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FTI Consulting took on BSGR as a client in 2009 to advise the miner in its dispute with Rio Tinto.
At the time, Rio Tinto held the concession to the whole of the multi-billion-tonnes Simandou iron ore project in Guinea. But the country’s former dictator, Lansana Conte, stripped it of half the concession and handed it to BSGR just days before his death in 2008.
BSGR claims that Lord Malloch Brown’s close relationship with financier and philanthropist George Soros prompted him to pressurise FTI – in his capacity as Europe, Middle East and Africa chairman at the firm – into dropping the miner as a client in November 2012.
Soros is an adviser to current Guinean president Alpha Condé and funds a number of non-governmental organisations including Global Witness, which BSGR has accused of running smear campaigns against it.
The claim against FTI and Lord Malloch Brown is the latest episode in the increasingly convoluted history of Guinea’s mining sector.
Vowing to stamp out corruption, Condé, Guinea’s first democratically elected president, instituted sweeping reforms including a review of all mining contracts agreed under previous regimes.
The legitimacy of BSGR’s presence in Guinea has been questioned by the review committee, which has alleged that the group used illegal means to acquire the concession to mine blocks 1 and 2 of the high-grade Simandou deposit, in the rainforest-covered south-east of the country.
BSGR has vehemently denied the claims, saying that the Guinean government is trying to expropriate its concession and that it is ready to go to court to defend its interests in the country.
BSGR’s increasingly heightened rhetoric of claims and counter-claims comes at a time of growing political pressure for the government.
Condé’s government needs projects to come into production to show Guinea’s largely impoverished populace that progress is being made in terms of realising the country’s material wealth. Long-delayed parliamentary elections are scheduled for the coming months and there will be a general election in 2015.
Ratification of new code
Guinea’s national transitional council (CNT) ratified a revamped version of the country’s 2011 mining code this week, making tax and royalty concessions to miners after more than a year of intense consultation with miners and development partners.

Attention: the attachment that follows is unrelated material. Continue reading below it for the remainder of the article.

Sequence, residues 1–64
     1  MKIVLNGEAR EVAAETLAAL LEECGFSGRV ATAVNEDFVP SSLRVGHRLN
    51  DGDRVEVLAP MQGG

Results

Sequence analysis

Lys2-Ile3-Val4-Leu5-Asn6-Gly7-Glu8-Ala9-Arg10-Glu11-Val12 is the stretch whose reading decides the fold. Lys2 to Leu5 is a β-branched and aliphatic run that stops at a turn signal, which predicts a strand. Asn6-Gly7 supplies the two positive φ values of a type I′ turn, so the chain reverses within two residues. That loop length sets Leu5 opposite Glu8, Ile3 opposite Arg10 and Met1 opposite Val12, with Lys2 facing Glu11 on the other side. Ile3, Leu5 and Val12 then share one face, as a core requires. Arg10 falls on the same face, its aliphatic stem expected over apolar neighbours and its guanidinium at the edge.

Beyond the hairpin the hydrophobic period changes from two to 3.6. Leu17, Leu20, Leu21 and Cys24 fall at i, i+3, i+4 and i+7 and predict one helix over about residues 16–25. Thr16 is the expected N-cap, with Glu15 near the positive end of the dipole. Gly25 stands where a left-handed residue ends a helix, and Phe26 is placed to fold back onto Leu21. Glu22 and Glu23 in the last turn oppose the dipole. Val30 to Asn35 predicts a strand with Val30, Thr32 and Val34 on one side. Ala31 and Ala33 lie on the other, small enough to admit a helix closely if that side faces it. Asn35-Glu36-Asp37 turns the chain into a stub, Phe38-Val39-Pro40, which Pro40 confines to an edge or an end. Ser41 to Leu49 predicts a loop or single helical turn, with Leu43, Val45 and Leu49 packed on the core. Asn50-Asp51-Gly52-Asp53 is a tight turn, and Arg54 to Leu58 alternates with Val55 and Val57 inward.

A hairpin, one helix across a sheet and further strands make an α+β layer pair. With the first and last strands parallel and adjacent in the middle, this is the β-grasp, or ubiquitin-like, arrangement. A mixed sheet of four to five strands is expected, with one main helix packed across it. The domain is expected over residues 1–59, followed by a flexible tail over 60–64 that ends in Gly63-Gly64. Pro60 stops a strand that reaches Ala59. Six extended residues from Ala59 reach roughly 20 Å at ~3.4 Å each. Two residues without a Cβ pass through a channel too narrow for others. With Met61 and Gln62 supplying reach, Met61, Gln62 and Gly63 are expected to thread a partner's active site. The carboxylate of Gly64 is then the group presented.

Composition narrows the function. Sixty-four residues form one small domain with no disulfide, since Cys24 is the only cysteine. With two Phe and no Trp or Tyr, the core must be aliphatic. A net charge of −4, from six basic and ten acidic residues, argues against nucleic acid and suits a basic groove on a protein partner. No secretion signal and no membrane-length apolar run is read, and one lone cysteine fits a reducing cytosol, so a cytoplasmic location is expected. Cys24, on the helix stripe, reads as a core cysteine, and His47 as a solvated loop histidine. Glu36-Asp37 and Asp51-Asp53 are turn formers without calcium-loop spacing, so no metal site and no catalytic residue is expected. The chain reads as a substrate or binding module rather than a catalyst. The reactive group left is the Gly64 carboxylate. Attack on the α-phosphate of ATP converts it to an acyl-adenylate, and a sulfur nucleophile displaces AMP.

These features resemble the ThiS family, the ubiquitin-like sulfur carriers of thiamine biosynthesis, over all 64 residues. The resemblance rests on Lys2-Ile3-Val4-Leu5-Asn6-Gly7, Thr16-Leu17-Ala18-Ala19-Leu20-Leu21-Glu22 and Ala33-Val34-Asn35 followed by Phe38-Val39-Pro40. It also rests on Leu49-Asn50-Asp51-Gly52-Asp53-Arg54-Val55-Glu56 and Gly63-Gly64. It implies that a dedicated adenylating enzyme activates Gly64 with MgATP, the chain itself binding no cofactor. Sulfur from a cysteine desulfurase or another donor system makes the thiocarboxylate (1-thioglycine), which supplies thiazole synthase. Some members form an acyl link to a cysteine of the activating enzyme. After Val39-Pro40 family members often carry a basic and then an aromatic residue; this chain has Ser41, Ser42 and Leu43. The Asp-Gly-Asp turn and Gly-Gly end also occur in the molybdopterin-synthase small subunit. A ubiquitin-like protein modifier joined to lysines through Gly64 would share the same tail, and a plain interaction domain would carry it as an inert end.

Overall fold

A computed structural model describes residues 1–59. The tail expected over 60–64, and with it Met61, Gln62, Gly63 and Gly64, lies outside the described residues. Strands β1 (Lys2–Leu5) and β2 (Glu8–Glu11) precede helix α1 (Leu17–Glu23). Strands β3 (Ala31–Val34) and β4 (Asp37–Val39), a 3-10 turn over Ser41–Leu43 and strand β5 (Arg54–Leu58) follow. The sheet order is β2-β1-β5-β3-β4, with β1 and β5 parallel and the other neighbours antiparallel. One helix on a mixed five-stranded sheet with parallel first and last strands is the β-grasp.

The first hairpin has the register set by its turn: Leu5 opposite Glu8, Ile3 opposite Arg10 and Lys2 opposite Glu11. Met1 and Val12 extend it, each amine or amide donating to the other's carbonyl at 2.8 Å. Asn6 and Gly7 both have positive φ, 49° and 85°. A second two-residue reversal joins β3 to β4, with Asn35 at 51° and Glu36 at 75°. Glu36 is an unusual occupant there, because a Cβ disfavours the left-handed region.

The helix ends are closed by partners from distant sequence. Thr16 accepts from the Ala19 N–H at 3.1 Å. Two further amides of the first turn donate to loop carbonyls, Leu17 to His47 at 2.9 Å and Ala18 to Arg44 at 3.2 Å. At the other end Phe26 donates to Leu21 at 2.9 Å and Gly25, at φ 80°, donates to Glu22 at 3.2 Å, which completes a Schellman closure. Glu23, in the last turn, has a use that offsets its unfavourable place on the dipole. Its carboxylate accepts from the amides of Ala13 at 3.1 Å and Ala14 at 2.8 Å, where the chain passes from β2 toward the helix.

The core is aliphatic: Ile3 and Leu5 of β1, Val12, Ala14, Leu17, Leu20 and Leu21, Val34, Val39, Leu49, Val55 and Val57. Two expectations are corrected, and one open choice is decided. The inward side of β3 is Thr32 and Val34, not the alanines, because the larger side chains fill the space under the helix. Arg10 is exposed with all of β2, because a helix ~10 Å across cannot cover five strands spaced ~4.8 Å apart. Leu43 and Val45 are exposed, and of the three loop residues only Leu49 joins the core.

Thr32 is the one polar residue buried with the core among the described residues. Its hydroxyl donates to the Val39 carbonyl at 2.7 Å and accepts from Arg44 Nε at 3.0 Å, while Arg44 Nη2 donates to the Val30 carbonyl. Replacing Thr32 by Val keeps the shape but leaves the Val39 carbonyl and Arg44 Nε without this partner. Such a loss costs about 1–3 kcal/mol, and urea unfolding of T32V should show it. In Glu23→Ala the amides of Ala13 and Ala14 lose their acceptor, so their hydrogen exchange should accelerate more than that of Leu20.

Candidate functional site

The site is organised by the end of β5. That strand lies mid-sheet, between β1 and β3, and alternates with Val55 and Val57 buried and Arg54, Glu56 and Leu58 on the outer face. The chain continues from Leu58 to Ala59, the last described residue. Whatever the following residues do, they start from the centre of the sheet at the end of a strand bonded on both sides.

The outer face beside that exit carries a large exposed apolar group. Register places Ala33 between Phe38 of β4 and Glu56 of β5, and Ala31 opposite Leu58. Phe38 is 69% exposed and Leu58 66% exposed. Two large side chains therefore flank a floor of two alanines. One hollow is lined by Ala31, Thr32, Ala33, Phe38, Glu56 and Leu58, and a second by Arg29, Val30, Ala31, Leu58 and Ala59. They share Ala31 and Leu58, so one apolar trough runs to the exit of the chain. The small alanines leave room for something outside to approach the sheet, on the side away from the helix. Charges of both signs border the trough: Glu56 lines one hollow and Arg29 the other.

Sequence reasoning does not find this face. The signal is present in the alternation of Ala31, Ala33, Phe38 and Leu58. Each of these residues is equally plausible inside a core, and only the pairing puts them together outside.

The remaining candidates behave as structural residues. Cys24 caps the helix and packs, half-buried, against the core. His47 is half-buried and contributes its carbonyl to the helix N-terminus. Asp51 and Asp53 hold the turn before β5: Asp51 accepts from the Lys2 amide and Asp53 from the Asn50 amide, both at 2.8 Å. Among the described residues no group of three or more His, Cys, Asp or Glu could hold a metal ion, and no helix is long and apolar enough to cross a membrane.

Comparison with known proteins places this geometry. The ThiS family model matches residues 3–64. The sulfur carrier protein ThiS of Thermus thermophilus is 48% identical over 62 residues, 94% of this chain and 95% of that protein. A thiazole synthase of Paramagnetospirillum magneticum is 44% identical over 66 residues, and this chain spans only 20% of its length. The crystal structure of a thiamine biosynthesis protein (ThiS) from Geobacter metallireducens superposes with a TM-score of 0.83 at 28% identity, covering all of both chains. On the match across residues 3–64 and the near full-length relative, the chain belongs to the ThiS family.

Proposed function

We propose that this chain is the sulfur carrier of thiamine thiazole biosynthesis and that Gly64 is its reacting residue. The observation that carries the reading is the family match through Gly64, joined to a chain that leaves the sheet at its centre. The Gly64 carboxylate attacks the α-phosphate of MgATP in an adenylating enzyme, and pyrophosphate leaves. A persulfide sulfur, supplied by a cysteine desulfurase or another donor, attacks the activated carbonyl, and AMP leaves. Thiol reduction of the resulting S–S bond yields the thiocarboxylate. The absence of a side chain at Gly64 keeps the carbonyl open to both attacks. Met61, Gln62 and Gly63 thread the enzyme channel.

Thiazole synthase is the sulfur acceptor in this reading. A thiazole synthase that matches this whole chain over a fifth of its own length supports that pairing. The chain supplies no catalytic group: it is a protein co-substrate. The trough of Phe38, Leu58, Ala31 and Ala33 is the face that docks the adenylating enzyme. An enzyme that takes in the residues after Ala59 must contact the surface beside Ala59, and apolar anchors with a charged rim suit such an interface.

While the majority of the miners involved in the country have been positive about the amended code, BSGR argued that the new code is not legal because it has not been ratified by a democratically elected parliament.
“Since we don’t have an elected parliament, the CNT replaces the national assembly. Since 2009, every single law in Guinea has been passed by the CNT,” mining minister Mohamed Lamine Fofana told Steel First.
“While an elected national assembly could in theory demand to review the mining code again, on the basis that the ratification of the code by the unelected CNT was unconstitutional, this is unlikely,” Tom Wilson, an analyst at Africa Practice, told Steel First.
“Whatever the concerns over the CNT’s capacity and independence, it has performed the role for which it was created. The code will be treated as legitimate and the review process will proceed on the back of it,” Wilson added.
With mineral development in neighbouring Sierra Leone and Liberia gathering pace, as major mining projects by ArcelorMittal, African Minerals and London Mining ramp up production, further regulatory delays to projects in Guinea will be embarrassing for the government and could deter investors from committing to the country.
Whatever the outcome of BSGR’s licence review and its case against Lord Malloch Brown and FTI, the country’s government needs to remain focused on delivering the right framework for its other mining partners, and ensuring that the Guinean people start to feel tangible benefits from the country’s vast mineral wealth in the very near future.
Steel First revealed this week that BSG Resources was suing UK peer and former UN deputy secretary general Lord Mark Malloch Brown and global business adviser FTI Consulting on claims including defamation and breach of contract.